Contained within every consecrated Catholic altar are relics of saints, an ancient tradition that finds its roots in the very earliest days of the Church.

When Catholicism was still illegal under the Roman Empire, early members of the Faithful would meet in underground catacombs to escape harsh persecution. They would celebrate Mass on the stone slabs covering the tombs of martyrs in order to show proper reverence for the ultimate sacrifice they made for Christ.

When Emperor Constantine legalized Christianity, Mass no longer needed to be held underground out of necessity. Moving above ground, they didn’t leave behind the tradition of venerating the relics of saints. Churches were generally built over the remains of martyrs, but when not possible a first-class relic was placed within the altar and covered by a stone slab.

The Second Council of Nicaea would later decree that all churches were to have altars containing relics of saints. Eventually, the practice became ecclesiastical law, with early editions of the Roman Pontifical mandating altars to contain first-class relics from two separate saints, one of which a martyr.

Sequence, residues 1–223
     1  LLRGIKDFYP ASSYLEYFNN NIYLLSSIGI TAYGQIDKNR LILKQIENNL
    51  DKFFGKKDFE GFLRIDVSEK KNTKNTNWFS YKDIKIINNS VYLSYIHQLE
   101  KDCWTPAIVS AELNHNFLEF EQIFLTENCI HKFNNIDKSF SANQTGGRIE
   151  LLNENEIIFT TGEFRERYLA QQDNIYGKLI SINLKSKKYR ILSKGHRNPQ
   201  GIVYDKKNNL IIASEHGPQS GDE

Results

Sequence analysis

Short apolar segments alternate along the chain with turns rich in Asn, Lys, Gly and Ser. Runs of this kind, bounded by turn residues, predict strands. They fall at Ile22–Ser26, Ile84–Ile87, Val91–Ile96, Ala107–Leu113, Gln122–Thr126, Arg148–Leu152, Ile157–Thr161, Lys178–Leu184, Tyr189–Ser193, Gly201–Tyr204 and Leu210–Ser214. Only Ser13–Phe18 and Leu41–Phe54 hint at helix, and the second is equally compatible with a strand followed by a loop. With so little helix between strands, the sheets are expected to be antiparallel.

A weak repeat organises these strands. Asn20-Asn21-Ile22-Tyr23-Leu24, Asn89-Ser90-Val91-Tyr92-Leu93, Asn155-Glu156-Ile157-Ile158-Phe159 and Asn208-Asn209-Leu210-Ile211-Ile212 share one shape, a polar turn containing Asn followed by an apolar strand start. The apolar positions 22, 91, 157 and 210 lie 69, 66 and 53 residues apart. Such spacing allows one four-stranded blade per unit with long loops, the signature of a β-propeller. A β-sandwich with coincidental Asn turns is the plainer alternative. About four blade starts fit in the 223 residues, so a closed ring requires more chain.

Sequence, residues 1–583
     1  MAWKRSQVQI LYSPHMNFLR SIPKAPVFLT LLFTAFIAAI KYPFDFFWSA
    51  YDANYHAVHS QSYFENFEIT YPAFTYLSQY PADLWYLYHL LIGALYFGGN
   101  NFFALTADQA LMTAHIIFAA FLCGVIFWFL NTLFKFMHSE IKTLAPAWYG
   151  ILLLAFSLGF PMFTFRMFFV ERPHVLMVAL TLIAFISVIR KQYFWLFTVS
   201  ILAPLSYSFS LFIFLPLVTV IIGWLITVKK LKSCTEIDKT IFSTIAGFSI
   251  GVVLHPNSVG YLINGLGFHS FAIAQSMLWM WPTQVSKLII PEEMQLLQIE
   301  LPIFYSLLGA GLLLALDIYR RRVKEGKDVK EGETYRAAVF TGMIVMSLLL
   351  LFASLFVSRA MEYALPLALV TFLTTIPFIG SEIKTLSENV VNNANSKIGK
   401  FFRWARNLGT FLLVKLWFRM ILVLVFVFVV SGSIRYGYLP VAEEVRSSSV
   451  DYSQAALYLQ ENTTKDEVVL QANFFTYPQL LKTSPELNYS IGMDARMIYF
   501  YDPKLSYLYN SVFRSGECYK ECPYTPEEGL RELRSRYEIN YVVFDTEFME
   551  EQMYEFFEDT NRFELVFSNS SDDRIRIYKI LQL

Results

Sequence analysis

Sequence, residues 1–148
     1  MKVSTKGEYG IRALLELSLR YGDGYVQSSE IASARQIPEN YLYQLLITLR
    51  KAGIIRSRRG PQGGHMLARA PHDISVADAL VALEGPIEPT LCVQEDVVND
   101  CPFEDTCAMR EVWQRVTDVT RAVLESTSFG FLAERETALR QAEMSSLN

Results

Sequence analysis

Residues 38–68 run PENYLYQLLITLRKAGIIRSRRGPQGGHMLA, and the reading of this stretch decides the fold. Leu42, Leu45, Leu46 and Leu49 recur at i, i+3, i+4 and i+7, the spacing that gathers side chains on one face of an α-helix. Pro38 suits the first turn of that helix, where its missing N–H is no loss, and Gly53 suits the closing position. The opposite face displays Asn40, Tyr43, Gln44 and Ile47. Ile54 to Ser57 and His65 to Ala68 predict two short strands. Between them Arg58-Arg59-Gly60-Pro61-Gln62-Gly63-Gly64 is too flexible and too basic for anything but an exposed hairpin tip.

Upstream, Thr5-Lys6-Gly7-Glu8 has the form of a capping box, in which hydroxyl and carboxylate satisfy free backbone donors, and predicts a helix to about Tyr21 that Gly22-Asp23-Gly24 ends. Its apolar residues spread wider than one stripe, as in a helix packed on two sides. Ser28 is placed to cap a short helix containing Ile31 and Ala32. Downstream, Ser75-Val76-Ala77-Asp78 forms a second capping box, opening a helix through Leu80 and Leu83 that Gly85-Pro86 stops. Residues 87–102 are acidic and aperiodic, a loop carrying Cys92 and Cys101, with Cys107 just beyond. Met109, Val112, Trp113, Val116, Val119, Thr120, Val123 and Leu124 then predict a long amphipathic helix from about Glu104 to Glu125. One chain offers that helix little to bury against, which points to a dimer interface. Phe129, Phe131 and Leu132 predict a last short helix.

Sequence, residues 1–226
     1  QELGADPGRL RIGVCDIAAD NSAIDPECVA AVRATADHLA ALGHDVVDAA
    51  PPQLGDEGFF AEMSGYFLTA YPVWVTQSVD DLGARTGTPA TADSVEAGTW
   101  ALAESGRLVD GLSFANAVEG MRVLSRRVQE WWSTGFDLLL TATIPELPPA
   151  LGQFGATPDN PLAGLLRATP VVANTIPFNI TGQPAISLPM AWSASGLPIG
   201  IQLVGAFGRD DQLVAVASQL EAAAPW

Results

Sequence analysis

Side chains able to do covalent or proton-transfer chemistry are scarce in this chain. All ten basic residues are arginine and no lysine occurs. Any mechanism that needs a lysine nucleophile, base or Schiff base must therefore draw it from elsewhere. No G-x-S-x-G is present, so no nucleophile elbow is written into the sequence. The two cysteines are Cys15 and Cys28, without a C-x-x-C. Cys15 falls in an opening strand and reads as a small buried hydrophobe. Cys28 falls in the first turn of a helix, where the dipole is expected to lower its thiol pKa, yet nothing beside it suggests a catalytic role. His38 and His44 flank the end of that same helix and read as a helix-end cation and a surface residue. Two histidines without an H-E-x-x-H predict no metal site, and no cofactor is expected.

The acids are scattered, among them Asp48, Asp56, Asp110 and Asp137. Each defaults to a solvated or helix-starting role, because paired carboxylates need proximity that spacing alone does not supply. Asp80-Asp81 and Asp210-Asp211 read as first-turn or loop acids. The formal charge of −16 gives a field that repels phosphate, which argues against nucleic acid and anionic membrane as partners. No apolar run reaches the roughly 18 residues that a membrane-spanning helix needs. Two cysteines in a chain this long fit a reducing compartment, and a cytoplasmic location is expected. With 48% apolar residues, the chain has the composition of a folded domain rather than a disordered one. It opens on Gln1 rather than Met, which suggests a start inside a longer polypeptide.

The Second Vatican Council affirmed and simplified the ancient practice:

“The practice of placing relics of Saints, even those not Martyrs, under the altar to be dedicated is fittingly retained. Care should be taken, however, to ensure the authenticity of such relics.” – Roman Missal (302)

When the priest kisses the altar while celebrating Mass, he shows reverence not only for Jesus Christ as the literal cornerstone of the Church the altar represents, but also continues the ancient tradition of showing reverence for the sacrifice of martyrs. It serves as a continual reminder that when in celebrating Mass, we celebrate with all the saints and angels in Heaven.

“When he broke open the fifth seal, I saw underneath the altar the souls of those who had been slaughtered because of the witness they bore to the word of God.” – Revelation 6:9

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1 COMMENT

  1. Billy Ryan, that picture behind your headline for your article regarding why every Catholic altar contains relics (Nov. 27, 2018), it must be the altar in SS. Trinit√† dei Peligrini, right? I’ll never forget that altar at the FSSP church in Rome!

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